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Displaying items by tag: Birds
Monday, 31 August 2020 16:29

Nocturnal Migrators

When we think of fall, we begin to dream of pumpkins, apple orchards, and pumpkin spice lattes. While these are exciting things to look forward to, fall also brings on an exciting event that you can witness from your backyard's comfort. Fall migration in Wisconsin can begin as early as August and will continue through December. The first birds to kick off migration are swallows and purple martins. Birds move to where there are more resources, such as food and nesting locations. Insect availability drops as temperatures cool, and other food sources become scarce as the plant life decays.

Wednesday, 19 August 2020 15:25

Backyard Birding Blitz: Fall Migration

While springtime has long ago passed and with social distancing and mask wearing highly recommended, the Urban Ecology Center is excited to announce our first ever Fall Backyard Birding Blitz on Saturday, September 12th! As the birds start their journey back down south to warmer places for the winter, that means that they will be stopping by in Milwaukee and in cities and places from around the country. Come join us in observing and documenting the beautiful birds as they migrate south. Similar to the Green Birding Challenge in spring, some of the rules will sound familiar – you can choose between one of three challenges where you will try to record as many different species of birds as possible without using fossil fuels. The goal of this event will be the same: to connect people to the wonders of our local birds, and rather than gathering in one place, we are going to explore our own backyards and neighborhoods in a socially distant way.

Friday, 02 August 2019 10:44

The Natural Bird GPS

I have always been interested in the unique physiology and behavior of our local avian friends; however, my internship this summer with the UEC has further sparked my interest in their migratory patterns. As one of the Community Science and Research Interns, I had the unique opportunity to travel to Door County for the annual Bioblitz. This event consists of several passionate scientists from around the state meeting and conducting biological surveys for an area of interest- basically a bunch of nerds doing what they love. As a part of this, I had the chance to participate in bird banding.

Tuesday, 20 November 2018 15:55

Nashvilles in November?

You may have noticed that bird walks comprise the majority of community science opportunities at the Urban Ecology Center this time of year. And while our species counts may look closer to the temperature these days (if we’re lucky), there are still discoveries waiting to be made. Last week both our Menomonee Valley and Riverside Park bird walks found something we’ve never found before: a Nashville warbler in November!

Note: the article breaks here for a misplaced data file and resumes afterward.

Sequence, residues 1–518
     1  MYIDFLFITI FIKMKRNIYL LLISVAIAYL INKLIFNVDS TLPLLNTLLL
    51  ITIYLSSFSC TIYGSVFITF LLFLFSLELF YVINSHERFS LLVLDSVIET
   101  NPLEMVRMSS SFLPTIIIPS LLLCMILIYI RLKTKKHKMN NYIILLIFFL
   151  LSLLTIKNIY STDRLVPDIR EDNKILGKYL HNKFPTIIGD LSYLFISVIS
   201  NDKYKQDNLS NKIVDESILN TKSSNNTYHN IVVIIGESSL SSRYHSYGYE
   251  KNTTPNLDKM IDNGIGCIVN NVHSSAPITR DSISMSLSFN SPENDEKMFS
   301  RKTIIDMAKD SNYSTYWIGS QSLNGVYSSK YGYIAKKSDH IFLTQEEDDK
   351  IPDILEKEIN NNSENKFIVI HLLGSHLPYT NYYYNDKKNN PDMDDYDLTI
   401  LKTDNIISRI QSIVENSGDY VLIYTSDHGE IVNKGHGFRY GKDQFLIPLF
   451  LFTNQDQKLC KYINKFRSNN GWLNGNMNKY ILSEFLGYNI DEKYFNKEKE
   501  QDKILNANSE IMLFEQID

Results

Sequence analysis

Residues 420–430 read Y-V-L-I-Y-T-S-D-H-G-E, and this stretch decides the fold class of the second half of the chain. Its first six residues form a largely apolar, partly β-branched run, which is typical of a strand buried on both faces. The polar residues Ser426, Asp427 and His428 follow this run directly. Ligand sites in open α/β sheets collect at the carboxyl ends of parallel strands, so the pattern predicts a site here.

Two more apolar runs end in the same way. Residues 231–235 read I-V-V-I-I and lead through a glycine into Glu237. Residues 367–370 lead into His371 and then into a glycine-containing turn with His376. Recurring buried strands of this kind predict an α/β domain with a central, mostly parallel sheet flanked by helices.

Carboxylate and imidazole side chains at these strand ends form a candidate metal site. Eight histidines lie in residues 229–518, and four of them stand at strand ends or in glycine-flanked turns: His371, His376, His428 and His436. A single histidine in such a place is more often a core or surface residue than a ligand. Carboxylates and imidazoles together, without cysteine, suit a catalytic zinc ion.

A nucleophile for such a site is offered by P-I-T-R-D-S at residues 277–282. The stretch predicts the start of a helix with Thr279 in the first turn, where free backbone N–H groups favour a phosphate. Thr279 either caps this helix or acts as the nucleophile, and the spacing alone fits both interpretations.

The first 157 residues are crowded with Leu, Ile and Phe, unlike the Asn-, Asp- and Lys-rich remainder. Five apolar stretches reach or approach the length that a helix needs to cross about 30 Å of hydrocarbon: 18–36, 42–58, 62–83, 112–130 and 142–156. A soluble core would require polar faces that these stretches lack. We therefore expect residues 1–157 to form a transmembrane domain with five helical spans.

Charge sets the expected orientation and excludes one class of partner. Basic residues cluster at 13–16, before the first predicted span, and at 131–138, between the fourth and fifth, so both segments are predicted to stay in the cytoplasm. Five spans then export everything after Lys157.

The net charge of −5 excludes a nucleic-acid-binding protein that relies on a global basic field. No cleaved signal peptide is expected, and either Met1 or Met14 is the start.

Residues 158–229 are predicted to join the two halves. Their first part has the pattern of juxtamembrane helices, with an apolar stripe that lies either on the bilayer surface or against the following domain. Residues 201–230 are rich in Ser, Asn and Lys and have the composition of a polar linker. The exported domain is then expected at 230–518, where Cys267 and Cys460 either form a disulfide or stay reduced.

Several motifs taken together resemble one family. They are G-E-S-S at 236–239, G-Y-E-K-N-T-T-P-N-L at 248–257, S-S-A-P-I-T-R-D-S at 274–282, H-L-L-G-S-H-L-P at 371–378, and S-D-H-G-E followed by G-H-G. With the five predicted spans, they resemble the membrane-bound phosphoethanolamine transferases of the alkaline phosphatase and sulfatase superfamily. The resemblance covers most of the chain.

Friday, 17 November 2017 09:08

Mother Nature and Father Time

Mother Nature and Father Time. We’ve known they were our family for at least 3,000 years when they first entered into Ancient Greek lore. I prefer to call them our parents and leave out the gender, but let’s focus on their relationship.

It’s prudent to consider time in our daily lives – learn from the past, live in the present, prepare for the future. Nature excels at all three of these things.

On an early morning bird walk last year, we smelled our find before we saw her. The smell of necrosis mixed with day-old vomit lingered on the light breeze. We scoured the nearby terrain trying to find the mysterious decaying matter hidden amongst the leaf litter only to remain perplexed. And then we saw her. Perched on a tree branch, just 10 feet from our heads, sat the pungent perpetrator.

Wednesday, 01 March 2017 16:17

Red Wings and Early Spring

For those of you who may not know, we have an organization-wide phenology competition every year to document the first of year (FoY) Red-winged Blackbird, Eastern Chipmunk, Mourning Cloak, and Butler's Gartersnake. The documentation of these four species typically signifies the arrival of spring and the dismissal of winter. This year's unseasonal warm weather, however, has a resulted in an uncomfortably early kickoff.

Last fall at Riverside Park, the research and community science department was hosting the Wisconsin DNR’s bat biologists for an evening of bat mist netting, when a gregarious little screech owl paid us a visit. As DNR biologist Paul White held the large group of participants enraptured with a live bat, a persistent whinny in the distance distracted those of us at the back of the group.

Wednesday, 27 May 2015 00:00

Green Birding Challenge Recap

Thank you to everyone who helped make the 5th Annual Green Birding Challenge a success! 19 teams, comprised of both experienced and fledgling birders, participated in this year's challenge and observed over 100 distinct bird species in a fossil fuel free search around the city. Their efforts inspried more than 150 generous donors to pledge $8,000 for the Center's Citzien Science program. Wow! Read on for more fun facts and photos from the day's birding adventure!

Thursday, 07 May 2015 00:00

Simple Gifts

Have you ever had the experience of turning a corner in a familiar neighborhood, and suddenly becoming alert to all sorts of buildings or natural features you had never noticed before? That's sort of what becoming a bird watcher has been like for me. I've walked along creeks and in woods my whole life, but it's only been within the last few years that I've truly been aware of my winged companions out there.

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